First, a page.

The vertical guidance of longwall coal cutting machines (shearers), using a novel method of measuring machine position relative to the coal seam, is considered. Coal is a stratified sedimentary rock made up of horizontal layers of material with different physical properties, in particular hardness. A cutting pick mounted on the periphery of a rotating shearer drum will experience variations in cutting force as it passes through the various layers of the coal. The pattern of forces experienced as the drum rotates will be unique and if the drum is displaced in the vertical sense relative to the seam, then the force pattern will be similarly displaced. Therefore comparison of pick force patterns can form the basis for a drum position measurement system. An experimental trial was conducted to assess the viability of this concept. The results of the trial showed that it was possible to detect and measure changes in the vertical position of a shearer cutting drum, when cutting an artificial 'coal' face. On-line measurement of drum position was used to satisfactorily control a shearing machine. The effects of the pick force data signal to noise ratio, on the accuracy of the measurement system employed was considered by simulation, The minimum signal to noise ratio of data which could be used to give acceptably accurate results was determined. Simulation has been used to compare the operation of a proposed 'pick force' based control system with that of an existing guidance system. The results show the systems perform in a similar manner. The effect of time delay in the measurement of position by pick force analysis, on control was also studied to determine the maximum acceptable lag.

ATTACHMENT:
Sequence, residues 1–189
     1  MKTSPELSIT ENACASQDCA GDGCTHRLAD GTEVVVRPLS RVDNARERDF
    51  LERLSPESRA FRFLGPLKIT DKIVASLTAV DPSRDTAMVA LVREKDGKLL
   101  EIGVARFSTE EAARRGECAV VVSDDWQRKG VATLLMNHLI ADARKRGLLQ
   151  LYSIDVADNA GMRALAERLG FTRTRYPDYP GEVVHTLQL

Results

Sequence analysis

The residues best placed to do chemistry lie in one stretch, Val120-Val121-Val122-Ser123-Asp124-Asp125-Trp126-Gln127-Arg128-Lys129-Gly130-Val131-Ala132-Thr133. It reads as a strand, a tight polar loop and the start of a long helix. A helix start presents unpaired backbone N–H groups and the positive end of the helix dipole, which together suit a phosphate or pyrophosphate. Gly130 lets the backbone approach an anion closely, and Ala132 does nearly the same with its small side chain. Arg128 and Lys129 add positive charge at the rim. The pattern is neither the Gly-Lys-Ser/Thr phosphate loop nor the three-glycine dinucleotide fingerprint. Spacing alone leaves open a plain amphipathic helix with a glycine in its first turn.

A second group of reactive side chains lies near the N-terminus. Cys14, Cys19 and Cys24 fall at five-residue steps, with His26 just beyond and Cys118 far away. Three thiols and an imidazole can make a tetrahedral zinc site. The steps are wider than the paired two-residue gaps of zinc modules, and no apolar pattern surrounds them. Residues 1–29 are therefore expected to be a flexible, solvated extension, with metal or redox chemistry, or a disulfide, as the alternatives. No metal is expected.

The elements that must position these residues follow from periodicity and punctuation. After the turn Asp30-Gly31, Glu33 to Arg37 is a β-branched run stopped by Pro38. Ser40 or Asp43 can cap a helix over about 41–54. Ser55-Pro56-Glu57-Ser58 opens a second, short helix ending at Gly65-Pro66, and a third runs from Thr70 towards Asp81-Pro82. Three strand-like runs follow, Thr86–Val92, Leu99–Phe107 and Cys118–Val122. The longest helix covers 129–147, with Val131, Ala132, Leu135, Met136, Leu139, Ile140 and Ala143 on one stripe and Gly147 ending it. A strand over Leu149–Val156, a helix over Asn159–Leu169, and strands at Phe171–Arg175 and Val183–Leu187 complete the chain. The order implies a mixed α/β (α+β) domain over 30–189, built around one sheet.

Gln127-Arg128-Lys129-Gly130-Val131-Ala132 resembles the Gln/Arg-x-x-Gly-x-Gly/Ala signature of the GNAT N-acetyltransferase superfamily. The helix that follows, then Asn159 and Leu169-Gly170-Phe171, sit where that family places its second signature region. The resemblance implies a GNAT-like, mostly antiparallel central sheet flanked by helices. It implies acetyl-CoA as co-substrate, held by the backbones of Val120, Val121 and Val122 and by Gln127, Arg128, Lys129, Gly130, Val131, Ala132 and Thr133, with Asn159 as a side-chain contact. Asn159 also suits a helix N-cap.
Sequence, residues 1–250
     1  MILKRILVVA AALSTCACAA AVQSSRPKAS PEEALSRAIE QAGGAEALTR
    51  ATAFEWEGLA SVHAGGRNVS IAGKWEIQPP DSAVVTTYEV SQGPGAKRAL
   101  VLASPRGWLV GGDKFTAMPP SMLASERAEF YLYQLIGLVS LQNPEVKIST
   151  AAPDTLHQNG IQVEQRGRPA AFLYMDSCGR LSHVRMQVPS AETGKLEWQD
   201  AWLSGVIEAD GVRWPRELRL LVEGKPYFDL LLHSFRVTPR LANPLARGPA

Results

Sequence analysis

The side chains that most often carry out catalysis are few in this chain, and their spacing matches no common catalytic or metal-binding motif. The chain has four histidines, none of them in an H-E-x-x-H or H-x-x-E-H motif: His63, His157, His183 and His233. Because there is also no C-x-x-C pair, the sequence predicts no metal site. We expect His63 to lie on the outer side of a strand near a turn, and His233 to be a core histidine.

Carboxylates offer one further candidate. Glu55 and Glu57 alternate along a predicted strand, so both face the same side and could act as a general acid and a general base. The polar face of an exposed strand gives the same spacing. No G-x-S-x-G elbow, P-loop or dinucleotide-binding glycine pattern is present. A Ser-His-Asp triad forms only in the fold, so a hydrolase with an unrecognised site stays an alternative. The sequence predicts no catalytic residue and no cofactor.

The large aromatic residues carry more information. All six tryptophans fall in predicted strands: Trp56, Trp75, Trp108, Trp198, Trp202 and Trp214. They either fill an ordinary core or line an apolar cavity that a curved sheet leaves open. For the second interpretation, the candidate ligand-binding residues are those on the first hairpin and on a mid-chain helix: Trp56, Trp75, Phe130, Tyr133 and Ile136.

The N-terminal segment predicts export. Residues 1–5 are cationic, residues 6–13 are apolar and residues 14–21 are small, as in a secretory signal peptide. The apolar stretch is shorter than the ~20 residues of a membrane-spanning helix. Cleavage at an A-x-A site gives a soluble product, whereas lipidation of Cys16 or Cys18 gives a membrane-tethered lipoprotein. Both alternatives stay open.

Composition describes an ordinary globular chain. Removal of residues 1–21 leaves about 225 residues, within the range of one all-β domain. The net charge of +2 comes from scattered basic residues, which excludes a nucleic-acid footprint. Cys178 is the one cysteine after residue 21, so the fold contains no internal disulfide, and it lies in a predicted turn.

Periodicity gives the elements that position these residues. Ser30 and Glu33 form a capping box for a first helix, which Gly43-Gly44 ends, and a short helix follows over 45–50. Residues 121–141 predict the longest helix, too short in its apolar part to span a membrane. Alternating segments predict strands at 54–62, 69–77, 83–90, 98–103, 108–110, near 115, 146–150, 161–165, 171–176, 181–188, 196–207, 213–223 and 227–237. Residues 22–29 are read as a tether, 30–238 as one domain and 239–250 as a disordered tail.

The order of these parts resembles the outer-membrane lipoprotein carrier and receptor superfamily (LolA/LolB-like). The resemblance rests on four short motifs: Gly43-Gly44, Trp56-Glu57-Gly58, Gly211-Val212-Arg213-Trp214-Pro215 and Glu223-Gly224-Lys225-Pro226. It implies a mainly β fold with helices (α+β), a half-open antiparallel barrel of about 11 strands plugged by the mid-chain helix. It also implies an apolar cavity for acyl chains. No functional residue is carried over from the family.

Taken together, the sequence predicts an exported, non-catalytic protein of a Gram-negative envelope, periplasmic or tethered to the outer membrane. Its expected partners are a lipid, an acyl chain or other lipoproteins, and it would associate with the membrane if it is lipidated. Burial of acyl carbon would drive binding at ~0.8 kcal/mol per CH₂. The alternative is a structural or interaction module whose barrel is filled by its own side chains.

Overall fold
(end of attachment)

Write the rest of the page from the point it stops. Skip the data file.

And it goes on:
|Date of Award||1984|